Flap creation with femtosecond laser advantageous

June 15, 2005

Flap thickness can be predetermined to virtually any depth up to 400 ? 10 ?m from the laser interface.

"The interest in the IntraLase femtosecond laser has grown out of a few factors. One is the patient's perception of the safety of cutting tissue with laser versus a blade. In addition, another factor is concern about safety, predictability, and the reproducibility of flaps using a traditional blade microkeratome. Finally, there is increased surgeon comfort when using a laser versus a blade," said Dr. Yoo, assistant professor of ophthalmology, Bascom Palmer Eye Institute, Miami.

"In our practice, we found improved visual acuity and quality of vision after LASIK with the femtosecond laser, perhaps in part because there may be less optical aberrations induced by the planar flap created with the IntraLase femtosecond laser compared with the meniscus flap created with the blade microkeratome," she said.

"With flaps created using the IntraLase femtosecond laser, there is less epithelial ingrowth, probably because the side cut is at a steeper angle. Since July 2003, we have had no buttonhole flaps, and partial or incomplete flaps almost never occur," she explained.

The precision of the microkeratome can vary greatly, and in the literature the flap thickness has been reported to vary more than ±100 µm from the predicted thickness. The meniscus flap created by a blade microkeratome tends to be thicker in the periphery and thinner in the center, which induces increased optical aberrations.

The hinge angle also differs between the two instruments in that a blade microkeratome creates a D-shaped stromal bed and the hinge angle tends to be larger and requires a larger flap diameter to accommodate the ablation, according to Dr. Yoo.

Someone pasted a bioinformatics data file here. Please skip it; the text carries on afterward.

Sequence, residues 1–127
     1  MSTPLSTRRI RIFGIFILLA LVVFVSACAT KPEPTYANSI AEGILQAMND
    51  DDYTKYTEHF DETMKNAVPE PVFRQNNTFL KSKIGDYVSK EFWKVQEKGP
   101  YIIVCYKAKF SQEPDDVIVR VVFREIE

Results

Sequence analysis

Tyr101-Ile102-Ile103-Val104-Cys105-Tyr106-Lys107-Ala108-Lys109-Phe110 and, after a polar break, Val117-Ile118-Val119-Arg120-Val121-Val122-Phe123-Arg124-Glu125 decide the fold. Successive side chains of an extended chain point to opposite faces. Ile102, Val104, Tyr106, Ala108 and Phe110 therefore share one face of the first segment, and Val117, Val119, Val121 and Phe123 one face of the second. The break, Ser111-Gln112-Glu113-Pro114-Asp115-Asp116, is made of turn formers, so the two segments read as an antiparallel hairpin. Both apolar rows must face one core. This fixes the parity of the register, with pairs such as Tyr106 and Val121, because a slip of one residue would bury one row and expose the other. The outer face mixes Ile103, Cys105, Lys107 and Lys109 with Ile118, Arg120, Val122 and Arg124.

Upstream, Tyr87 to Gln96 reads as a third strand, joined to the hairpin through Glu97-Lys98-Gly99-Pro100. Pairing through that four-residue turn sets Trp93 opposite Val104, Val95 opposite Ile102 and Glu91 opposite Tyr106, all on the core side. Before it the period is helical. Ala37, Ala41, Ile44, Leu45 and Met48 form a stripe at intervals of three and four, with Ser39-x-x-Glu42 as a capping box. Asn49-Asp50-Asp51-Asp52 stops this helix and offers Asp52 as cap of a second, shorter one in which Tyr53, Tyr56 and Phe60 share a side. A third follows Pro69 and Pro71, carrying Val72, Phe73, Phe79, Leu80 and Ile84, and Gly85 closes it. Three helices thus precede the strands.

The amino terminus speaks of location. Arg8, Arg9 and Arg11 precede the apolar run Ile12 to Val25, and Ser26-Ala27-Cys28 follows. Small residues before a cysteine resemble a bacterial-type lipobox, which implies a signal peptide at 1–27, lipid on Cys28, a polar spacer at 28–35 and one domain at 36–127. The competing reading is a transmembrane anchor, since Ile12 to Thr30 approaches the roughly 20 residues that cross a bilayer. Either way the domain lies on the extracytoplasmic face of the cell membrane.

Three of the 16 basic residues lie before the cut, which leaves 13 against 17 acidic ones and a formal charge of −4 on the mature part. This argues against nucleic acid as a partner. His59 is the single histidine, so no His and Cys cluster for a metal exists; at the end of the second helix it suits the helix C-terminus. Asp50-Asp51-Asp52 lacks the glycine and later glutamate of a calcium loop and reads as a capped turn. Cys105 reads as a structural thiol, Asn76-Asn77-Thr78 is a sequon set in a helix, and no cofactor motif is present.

Few complications "The flap created with the IntraLase femtosecond laser offers greater dimensional and positional control and development of few complications. A study performed by Dr. Brian Will found that safety with the femtosecond laser was high. In 1,827 consecutive eyes, the instrument lost suction in eight cases. No other complications occurred. This seems to be the experience across practices as well as in our own," she explained.

Dr. Yoo explained that a number of dimensions can be programmed with the femtosecond laser. Flap thickness can be predetermined to virtually any depth up to 400 ± 10 µm from the laser interface. The device offers minimal biological variability, so that the flap thickness is not as dependent on the preoperative corneal pachymetry as with a blade microkeratome. The flap diameter, which also is not affected by biological variability, can be programmed depending on the white-to-white measurement. The laser begins at the bottom or side based on the desired location of the hinge. A "pocket" is created for excess gas, which avoids an opaque bubble layer.

The laser separates the lamella in a raster pattern. The vertical side cut places the laser pulses on top of each other in a circular pattern, which avoids the pre-programmed hinge location. The side cut angle provides a well-defined edge at almost any angle. Finally, the hinge angle and hinge position can be set as desired. The flap position can also be moved according to the position of the pupil in relation to the geometric center of the cornea, she explained.